Director: Garth Davis
Writer: Garth Davis, Iain Reid (screenplay), Iain Reid (novel)
Cast: Saoirse Ronan, Paul Mescal, Aaron Pierre
Producers: Kerry Kohansky-Roberts, Emile Sherman
Music: Oliver Coates, Park Jiha, Agnes Obel
Cinematographer: Mátyás Erdély
Editor: Peter Sciberras
Running time: 108mins
What’s the story: In 2065, Junior (Mescal) is selected for a mission working in space. His wife Henrietta (Ronan) will have someone very special to keep her company.
What’s the verdict: Garth Davis is best known for his winning Hitchhiker’s Guide to the Galaxy movie and amusing pop promos. Disappointing then to see him deliver something as laughably po-faced and illogical as Foe. Arriving soon after Gareth Edwards’ The Creator, this is a similarly uninspired AI tale that leaves you listing the ways this could have been more engaging. Honestly, Black Mirror has done all this far better at least twice.
Paul Mescal and Saoirse Ronan are Junior and Henrietta (“Hen”), a married American couple living in the dustbowl Midwest of the year 2065. Water and habitable land have become the world’s most precious resources (although the couple appear to have thousands of acres to themselves).
Into their lives comes Terrance (Pierre), a government official who informs Junior he has been selected for an extraordinary mission. A vast space station is being built to house humanity. Paul is part of an ongoing analysis studying whether people can stand the rigours of life off-world. While he is gone, an android resembling Junior will provide Hen with company. Terrance must live with the couple in order to observe Paul, so his synthetic replacement is as lifelike as possible. But will the radical counselling sessions and the prospect of Junior’s imminent departure reveal cracks in the couple’s bond?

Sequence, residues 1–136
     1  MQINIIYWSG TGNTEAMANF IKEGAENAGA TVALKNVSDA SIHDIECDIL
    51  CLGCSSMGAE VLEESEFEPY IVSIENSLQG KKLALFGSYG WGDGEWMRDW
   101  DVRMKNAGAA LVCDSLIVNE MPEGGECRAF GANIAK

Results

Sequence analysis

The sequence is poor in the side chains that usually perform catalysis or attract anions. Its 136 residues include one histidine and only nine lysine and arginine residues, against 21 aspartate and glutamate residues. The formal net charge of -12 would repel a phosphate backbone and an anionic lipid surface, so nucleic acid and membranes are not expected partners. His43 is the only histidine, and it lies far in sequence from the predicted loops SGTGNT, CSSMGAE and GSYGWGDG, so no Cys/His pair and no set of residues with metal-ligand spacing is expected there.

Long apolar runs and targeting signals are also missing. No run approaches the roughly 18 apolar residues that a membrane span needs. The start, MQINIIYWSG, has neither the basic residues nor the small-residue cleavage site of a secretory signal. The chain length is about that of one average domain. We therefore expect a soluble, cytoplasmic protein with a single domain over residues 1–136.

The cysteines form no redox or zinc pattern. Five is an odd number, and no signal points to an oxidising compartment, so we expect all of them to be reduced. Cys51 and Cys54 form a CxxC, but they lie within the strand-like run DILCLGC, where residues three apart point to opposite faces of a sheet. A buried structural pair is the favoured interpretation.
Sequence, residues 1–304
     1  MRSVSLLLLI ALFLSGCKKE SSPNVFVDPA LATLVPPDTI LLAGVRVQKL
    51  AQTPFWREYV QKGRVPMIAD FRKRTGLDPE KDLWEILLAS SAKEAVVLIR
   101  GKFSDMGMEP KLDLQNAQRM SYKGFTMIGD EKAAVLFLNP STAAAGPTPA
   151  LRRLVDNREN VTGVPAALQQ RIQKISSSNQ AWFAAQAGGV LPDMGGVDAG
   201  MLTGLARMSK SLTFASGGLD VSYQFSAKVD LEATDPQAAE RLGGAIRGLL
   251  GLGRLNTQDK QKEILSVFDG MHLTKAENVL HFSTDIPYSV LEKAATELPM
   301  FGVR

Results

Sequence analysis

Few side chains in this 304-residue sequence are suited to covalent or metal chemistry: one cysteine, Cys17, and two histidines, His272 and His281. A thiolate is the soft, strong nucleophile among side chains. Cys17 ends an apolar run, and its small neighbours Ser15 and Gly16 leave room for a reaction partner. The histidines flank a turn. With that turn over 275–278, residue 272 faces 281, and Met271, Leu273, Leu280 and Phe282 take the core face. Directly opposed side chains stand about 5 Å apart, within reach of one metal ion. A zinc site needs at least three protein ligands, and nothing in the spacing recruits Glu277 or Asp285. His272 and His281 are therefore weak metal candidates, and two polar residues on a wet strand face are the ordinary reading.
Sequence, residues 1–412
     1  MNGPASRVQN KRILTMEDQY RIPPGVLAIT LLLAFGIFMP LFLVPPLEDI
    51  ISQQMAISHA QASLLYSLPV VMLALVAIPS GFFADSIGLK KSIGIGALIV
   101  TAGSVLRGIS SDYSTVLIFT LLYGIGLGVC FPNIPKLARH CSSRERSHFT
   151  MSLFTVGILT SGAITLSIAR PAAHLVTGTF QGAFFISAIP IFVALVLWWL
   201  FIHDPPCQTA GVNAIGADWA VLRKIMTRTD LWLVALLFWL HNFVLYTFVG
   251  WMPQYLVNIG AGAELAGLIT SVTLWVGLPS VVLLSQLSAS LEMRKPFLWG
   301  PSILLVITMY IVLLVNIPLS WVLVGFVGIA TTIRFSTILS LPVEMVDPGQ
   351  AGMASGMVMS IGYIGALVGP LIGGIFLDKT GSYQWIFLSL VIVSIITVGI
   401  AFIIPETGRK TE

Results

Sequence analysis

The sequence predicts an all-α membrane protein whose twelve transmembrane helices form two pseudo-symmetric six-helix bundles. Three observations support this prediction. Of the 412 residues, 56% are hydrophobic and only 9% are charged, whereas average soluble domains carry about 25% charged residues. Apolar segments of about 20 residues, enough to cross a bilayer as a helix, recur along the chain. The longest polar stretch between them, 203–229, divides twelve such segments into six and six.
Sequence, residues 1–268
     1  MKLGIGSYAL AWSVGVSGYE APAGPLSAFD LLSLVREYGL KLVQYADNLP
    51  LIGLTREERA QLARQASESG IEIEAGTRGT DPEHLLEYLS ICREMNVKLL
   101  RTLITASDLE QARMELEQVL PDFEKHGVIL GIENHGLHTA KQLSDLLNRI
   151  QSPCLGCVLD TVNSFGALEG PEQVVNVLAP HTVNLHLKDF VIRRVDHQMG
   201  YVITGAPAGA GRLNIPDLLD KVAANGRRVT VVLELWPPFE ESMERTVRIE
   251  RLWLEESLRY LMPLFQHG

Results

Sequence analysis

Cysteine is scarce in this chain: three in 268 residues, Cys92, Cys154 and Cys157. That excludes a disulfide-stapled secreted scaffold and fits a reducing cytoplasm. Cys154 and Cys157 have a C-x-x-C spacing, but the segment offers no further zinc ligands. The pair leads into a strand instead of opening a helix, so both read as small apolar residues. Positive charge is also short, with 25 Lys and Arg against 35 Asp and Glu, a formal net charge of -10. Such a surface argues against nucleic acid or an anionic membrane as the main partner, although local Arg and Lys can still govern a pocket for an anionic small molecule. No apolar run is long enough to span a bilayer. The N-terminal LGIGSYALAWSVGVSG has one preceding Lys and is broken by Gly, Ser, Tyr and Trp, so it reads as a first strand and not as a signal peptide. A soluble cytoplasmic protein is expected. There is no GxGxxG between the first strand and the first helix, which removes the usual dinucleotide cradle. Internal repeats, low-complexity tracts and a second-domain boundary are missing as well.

Intellectually insipid and emotionally adolescent, Foe resembles a final year student project that got real lucky with budget and casting. Opening promisingly enough, the depiction of a climate change ravaged near-future is well realised. But Foe soon descends into sub-Marriage Story bickering and subplots that put the sigh into sci-fi. Come the climactic revelations and a slew of false endings, character logic collapses and plot holes rip open, as vast as that space station hanging like a new constellation in the sky.
Ronan and Mescal, two exciting actors, are good soldiers and deliver committed performances. Yet much of Foe resembles early rehearsal footage of actors trying to find their characters. Mescal’s monologue about the lunch habits of his co-workers is a gigglesome misfire, and Ronan’s late-in-the-film meltdown might be the closest we’ve seen her to giving a duff performance.
Davis appears to be reaching for the atmosphere of such 1970s dystopian sci-fi as Phase IV and Demon Seed. But while the artificial is fully on display here, intelligence looks to be absent.